Phase II trial of hippocampal-sparing whole brain irradiation with simultaneous integrated boost for metastatic cancer

Kenneth D. Westover, J. Travis Mendel, Tu Dan, Kiran Kumar, Ang Gao, Suprabha Pulipparacharuv, Puneeth Iyengar, Lucien Nedzi, Raquibul Hannan, John Anderson, Kevin S. Choe, Wen Jiang, Ramzi Abdulrahman, Asal Rahimi, Michael Folkert, Aaron Laine, Chase Presley, C. Munro Cullum, Hak Choy, Chul AhnRobert Timmerman

Research output: Contribution to journalArticlepeer-review

Abstract

Background: Advanced radiotherapeutic treatment techniques limit the cognitive morbidity associated with whole-brain radiotherapy (WBRT) for brain metastasis through avoidance of hippocampal structures. However, achieving durable intracranial control remains challenging. Methods: We conducted a single-institution single-arm phase II trial of hippocampal-sparing whole brain irradiation with simultaneous integrated boost (HSIB-WBRT) to metastatic deposits in adult patients with brain metastasis. Radiation therapy consisted of intensity-modulated radiation therapy delivering 20 Gy in 10 fractions over 2-2.5 weeks to the whole brain with a simultaneous integrated boost of 40 Gy in 10 fractions to metastatic lesions. Hippocampal regions were limited to 16 Gy. Cognitive performance and cancer outcomes were evaluated. Results: A total of 50 patients, median age 60 years (interquartile range, 54-65), were enrolled. Median progression-free survival was 2.9 months (95% CI: 1.5-4.0) and overall survival was 9 months. As expected, poor survival and end-of-life considerations resulted in a high exclusion rate from cognitive testing. Nevertheless, mean decline in Hopkins Verbal Learning Test-Revised delayed recall (HVLT-R DR) at 3 months after HSIB-WBRT was only 10.6% (95% CI: -36.5 15.3%). Cumulative incidence of local and intracranial failure with death as a competing risk was 8.8% (95% CI: 2.7 19.6%) and 21.3% (95% CI: 10.7 34.2%) at 1 year, respectively. Three grade 3 toxicities consisting of nausea, vomiting, and necrosis or headache were observed in 3 patients. Scores on the Multidimensional Fatigue Inventory 20 remained stable for evaluable patients at 3 months. Conclusions: HVLT-R DR after HSIB-WBRT was significantly improved compared with historical outcomes in patients treated with traditional WBRT, while achieving intracranial control similar to patients treated with WBRT plus stereotactic radiosurgery (SRS). This technique can be considered in select patients with multiple brain metastases who cannot otherwise receive SRS.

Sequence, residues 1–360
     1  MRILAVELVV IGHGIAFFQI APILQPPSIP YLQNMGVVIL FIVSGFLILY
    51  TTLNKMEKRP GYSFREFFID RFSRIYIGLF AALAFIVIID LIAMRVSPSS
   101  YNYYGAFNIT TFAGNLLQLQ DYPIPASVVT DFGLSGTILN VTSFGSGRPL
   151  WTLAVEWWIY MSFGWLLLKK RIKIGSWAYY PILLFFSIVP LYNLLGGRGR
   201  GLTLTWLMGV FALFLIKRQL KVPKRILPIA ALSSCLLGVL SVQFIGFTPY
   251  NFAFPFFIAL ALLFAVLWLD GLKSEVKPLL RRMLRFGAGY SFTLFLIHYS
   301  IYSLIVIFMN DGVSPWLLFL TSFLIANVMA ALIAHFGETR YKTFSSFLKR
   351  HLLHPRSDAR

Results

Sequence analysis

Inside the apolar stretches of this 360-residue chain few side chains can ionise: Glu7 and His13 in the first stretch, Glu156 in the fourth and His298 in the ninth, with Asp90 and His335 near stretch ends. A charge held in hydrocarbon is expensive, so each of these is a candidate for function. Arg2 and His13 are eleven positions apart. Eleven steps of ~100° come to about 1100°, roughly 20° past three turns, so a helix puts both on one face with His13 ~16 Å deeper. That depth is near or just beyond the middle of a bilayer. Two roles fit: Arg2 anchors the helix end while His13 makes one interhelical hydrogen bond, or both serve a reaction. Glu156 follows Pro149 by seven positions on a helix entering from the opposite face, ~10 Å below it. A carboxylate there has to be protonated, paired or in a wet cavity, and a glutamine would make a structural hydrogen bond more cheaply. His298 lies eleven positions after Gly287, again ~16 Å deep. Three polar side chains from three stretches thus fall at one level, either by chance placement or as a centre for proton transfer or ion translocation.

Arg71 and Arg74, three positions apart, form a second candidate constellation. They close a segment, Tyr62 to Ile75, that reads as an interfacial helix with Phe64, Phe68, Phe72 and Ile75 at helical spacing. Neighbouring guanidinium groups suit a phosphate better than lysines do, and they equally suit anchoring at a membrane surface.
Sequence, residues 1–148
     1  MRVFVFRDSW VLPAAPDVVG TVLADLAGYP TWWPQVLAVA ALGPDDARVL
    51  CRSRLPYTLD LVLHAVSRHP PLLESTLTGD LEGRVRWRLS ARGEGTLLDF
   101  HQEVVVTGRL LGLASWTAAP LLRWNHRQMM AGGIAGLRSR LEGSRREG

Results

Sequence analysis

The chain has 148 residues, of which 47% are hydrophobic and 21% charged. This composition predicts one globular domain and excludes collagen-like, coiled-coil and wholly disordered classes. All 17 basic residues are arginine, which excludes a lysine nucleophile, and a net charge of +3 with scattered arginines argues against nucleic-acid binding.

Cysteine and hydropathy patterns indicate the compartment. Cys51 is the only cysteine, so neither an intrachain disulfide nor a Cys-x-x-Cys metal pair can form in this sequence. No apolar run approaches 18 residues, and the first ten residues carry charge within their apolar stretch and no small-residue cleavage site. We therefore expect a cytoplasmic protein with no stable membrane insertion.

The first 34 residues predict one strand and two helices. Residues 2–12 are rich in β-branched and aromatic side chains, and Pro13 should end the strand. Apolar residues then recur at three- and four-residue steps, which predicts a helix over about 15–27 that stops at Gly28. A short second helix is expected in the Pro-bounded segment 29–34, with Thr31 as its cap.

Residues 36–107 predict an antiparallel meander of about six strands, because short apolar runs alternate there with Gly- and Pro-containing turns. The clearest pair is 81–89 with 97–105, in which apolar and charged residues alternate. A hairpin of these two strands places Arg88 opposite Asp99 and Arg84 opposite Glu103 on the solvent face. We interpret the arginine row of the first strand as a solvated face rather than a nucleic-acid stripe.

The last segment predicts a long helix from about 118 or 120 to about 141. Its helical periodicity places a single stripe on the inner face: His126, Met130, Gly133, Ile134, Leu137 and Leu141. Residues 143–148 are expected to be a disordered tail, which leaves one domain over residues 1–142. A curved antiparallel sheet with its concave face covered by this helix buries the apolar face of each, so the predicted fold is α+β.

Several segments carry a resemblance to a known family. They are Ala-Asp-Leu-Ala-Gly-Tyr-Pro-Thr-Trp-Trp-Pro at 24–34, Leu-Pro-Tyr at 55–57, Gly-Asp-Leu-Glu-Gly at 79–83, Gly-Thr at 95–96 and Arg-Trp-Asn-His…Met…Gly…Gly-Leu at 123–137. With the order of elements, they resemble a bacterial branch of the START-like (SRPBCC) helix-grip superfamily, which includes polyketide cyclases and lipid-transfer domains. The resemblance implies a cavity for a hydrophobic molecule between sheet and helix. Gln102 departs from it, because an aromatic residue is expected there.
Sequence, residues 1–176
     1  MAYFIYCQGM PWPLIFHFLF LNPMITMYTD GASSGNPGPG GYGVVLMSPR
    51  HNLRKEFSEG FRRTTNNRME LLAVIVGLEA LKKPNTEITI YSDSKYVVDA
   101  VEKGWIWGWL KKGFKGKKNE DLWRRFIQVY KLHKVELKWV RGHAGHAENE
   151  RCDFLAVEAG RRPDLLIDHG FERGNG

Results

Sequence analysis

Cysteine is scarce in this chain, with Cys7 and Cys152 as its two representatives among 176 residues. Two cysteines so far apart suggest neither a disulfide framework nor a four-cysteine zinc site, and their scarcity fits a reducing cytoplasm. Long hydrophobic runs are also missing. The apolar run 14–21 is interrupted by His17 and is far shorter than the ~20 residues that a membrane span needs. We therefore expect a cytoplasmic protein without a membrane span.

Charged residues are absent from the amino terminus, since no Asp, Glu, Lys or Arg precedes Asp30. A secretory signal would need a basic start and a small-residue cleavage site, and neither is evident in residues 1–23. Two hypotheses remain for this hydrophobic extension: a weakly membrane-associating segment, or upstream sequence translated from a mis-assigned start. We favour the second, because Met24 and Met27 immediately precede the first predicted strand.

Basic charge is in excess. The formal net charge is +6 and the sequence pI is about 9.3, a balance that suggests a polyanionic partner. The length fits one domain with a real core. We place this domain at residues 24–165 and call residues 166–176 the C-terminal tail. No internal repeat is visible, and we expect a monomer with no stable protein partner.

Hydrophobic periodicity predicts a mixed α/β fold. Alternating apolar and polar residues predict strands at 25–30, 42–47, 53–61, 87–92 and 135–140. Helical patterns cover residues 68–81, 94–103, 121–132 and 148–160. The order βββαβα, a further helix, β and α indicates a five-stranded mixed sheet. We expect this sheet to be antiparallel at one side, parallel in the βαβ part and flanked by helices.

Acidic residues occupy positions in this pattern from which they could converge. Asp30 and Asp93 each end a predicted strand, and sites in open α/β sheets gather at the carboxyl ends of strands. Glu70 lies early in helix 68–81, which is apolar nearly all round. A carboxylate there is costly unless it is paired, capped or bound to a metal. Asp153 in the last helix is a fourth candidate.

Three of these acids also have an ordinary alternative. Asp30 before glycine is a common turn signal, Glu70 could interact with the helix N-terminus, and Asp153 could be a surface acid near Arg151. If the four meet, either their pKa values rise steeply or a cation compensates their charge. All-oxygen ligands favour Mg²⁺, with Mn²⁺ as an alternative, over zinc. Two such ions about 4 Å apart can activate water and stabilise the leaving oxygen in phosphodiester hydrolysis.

Original languageEnglish (US)
Pages (from-to)1831-1839
Number of pages9
JournalNeuro-oncology
Volume22
Issue number12
DOIs
StatePublished - Dec 1 2020
Externally publishedYes

Keywords

  • brain metastases
  • cognition
  • hippocampus
  • radiation
  • whole brain

ASJC Scopus subject areas

  • Oncology
  • Clinical Neurology
  • Cancer Research

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